Administrative Justice – Back to the Future


Twelve years ago – in January 2008 – the University of Toronto Faculty of Law, supported by the Law Foundation and Legal Aid Ontario, hosted a two-day Symposium entitled “The Future of Administrative Justice”.  Lorne Sossin, now Justice Sossin of the Ontario Superior Court, but then a professor at the UofT Faculty of Law, and a member of the Symposium organizing committee, wrote a detailed report on the Symposium’s highlights.  His report was subsequently published in the Canadian Journal of Administrative Law & Practice (21 C.J.A.L.P 193) and may also be found at the following link.

The implicit relevance of the papers presented at that Symposium and of the discussions that followed, as reported by Sossin, to the issues in the Ford government’s administrative justice system  may be seen in the Report’s Table of Contents.




Keynote address

Lord Justice Robert Carnwath (Senior President of Tribunals, U.K.)

New Frontiers of Merit in Tribunal Appointments

Moderator: Lorne Sossin, Professor, Faculty of Law, University of Toronto

  • Judith McCormick (Downtown Legal Services)
  • Dr. Lilian Ma (Landlord Tenant Tribunal)
  • Michael Gottheil (Ontario Human Rights Tribunal)
  • Debra Roberts (Public Appointments Secretariat, Ont. Gov’t)

Current Issues in Tribunal Independence

Moderator: David Mullan, Queens/ Toronto Integrity Commissioner

  • Ron Ellis (Osgoode Hall Law School)
  • Laverne Jacobs (University of Windsor)
  • Audrey Macklin (University of Toronto)

Commentator: Adam Dodek, Osgoode Hall Law School

New Developments in Tribunal Reform

Moderator: Justice John Evans, Federal Court

  • Lord Justice Robert Carnwath (Senior President of Tribunals) “Lessons from the U.K.”
  • France Houle (University of Montreal) “Lessons from Quebec”
  • Dean Philip Bryden (University of N.B) “Lessons from B.C.”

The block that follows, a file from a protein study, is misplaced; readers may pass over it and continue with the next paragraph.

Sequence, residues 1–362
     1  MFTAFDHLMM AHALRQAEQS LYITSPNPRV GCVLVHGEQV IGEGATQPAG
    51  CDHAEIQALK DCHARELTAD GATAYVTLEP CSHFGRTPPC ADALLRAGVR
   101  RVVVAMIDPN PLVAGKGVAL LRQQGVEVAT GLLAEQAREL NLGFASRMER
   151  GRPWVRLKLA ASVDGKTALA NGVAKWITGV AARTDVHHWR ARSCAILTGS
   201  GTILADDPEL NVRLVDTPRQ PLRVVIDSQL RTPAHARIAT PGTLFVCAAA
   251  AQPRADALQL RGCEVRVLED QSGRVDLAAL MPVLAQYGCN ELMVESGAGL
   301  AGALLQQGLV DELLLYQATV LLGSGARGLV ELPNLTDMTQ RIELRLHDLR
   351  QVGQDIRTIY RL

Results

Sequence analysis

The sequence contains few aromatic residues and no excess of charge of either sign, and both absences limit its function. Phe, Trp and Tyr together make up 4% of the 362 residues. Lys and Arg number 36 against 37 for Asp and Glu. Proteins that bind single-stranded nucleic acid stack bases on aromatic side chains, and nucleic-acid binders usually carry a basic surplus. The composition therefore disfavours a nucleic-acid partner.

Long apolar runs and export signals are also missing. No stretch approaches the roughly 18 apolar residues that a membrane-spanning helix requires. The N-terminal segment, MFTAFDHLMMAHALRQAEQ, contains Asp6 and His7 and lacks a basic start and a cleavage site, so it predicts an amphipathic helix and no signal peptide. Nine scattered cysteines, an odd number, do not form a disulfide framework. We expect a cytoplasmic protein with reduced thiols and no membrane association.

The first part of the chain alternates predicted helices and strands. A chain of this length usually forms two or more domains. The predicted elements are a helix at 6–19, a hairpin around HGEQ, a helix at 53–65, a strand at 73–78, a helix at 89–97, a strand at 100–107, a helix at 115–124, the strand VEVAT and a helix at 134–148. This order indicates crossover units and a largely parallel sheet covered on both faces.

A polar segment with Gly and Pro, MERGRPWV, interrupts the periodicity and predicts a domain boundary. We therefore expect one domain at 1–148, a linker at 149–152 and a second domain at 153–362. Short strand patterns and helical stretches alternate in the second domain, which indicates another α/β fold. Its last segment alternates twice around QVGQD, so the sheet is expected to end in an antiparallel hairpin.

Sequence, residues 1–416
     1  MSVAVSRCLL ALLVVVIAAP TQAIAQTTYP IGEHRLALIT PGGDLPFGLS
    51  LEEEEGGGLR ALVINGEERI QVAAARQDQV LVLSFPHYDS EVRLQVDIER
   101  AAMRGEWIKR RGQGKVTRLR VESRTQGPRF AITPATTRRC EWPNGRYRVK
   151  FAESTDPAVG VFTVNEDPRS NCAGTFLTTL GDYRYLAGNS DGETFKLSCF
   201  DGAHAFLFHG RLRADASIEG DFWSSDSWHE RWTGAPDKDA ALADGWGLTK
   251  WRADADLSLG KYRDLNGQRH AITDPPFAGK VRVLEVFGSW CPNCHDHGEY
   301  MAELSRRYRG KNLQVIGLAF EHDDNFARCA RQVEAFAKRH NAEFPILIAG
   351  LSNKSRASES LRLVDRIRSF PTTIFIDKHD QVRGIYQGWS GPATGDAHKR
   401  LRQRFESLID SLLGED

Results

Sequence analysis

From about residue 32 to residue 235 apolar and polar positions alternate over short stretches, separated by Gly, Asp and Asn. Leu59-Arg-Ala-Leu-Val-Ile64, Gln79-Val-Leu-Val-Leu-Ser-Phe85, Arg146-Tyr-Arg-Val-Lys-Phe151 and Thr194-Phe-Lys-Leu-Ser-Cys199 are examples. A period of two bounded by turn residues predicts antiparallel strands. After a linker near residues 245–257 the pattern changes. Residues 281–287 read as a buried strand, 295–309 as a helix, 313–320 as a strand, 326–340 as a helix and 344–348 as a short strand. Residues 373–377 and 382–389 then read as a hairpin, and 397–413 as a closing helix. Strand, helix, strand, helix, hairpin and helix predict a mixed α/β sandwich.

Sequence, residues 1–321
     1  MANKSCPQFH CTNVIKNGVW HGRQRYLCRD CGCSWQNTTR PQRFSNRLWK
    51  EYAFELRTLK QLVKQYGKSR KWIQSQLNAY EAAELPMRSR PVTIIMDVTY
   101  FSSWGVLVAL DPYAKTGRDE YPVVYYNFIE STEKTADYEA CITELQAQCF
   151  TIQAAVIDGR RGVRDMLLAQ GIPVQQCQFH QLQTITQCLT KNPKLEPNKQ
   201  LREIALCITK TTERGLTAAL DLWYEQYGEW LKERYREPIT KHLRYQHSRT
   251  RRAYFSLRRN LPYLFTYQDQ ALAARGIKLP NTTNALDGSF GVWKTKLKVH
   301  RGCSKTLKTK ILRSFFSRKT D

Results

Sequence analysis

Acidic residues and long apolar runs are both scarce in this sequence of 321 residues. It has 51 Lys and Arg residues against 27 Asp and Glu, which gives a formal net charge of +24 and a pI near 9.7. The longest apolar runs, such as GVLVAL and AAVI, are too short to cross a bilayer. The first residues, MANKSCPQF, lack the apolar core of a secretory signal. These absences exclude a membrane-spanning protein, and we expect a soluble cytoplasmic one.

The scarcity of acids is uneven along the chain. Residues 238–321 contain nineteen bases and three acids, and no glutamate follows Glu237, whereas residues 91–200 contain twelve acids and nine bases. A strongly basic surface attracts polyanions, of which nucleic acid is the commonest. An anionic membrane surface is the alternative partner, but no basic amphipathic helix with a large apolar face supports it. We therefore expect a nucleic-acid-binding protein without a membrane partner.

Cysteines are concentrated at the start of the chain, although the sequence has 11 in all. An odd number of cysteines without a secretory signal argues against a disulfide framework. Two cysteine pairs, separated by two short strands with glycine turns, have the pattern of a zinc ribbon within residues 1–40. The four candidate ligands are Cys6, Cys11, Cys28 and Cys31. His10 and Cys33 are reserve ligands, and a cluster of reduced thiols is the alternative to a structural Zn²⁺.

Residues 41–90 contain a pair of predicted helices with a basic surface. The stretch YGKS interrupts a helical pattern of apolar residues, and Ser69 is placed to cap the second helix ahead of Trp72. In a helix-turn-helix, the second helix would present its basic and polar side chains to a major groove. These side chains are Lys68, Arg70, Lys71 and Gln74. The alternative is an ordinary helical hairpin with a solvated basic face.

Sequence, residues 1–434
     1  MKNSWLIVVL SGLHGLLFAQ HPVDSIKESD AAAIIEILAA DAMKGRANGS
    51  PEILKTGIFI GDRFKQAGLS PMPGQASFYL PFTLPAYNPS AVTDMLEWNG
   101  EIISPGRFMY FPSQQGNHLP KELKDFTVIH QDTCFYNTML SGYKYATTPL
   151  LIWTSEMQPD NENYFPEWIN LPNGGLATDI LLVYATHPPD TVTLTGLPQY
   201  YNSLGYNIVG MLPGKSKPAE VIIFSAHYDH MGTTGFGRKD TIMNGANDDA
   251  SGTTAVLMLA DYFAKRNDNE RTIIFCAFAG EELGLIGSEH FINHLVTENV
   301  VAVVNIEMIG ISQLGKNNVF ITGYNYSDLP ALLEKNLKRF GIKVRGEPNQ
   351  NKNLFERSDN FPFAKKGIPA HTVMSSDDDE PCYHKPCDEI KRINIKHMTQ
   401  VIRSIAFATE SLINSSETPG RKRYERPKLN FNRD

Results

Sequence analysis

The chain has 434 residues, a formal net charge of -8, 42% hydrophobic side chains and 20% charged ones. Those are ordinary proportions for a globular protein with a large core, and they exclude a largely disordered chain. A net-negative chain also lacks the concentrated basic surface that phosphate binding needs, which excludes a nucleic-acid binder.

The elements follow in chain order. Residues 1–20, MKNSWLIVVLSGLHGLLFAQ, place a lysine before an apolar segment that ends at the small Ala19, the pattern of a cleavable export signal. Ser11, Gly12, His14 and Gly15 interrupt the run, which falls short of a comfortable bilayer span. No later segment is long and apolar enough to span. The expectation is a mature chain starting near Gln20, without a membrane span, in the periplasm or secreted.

• Ivana Petricone (ARCH) “The Situation in Ontario”

Commentator: Cristie Ford (UBC)

Roundtable Discussion on Next Steps to Reform

Moderator: Kathy Laird (Ontario Human Rights Tribunal)

The Table of Contents also refers to ‘Appendix A” which is a description of a proposed “Administrative Justice Bibliography” (AJB).  However, that project never got off the ground.


The place of the 2008 Future of Administrative Justice Symposium in the chronological flow of events is interesting.  It was held about four years after the end of the Harris government’s abuse of the system (thus well into the McGuinty/Wynn administrative justice renaissance period) with still about 10 years of the latter regime to go.  In those circumstances, there was an understandable degree of complacency among the presenters.

This author, a presenter at the Symposium, was still nattering on about the importance of constitutionally protected structures for the independence of adjudicative tribunals and their members, but some, fearful of the over-judicialization of the tribunals that might follow the structural restrictions that constitutional protection might demand, were sanguine about the fruits of co-operation between tribunals and their host Ministries as an option to law-constricted structures.

In one response to the latter theme, this author offered the following reported comment which, from the perspective of the Ford government’s administration of the administrative justice system today, might be thought to have been somewhat prescient:

What troubled him, the Report notes, is that

… such [co-operative] arrangements are … idiosyncratic and contingent on particular persons and a particular political environment. At the moment, we are living in a renaissance period in Ontario. But the [troubling question] is what happens when the government changes? Without some legal structure in place, you can suddenly wind up with dysfunctional, uncaring tribunals.

It can all turn on a dime.

And, in June 2018, ten years later, when Premier Ford first took office, it did, of course, all turn on a dime.

And now the Ford government’s apparently legally un-constricted maladministration of the administrative justice system** presents fresh evidence as to why Canada’s justice system requires rule-of-law, constitutionally-guaranteed, and culturally embedded,  structural protections for the independence – and competence – of its adjudicative tribunals.

** For a recent example of the rubber of that maladministration hitting the road, see the following link:



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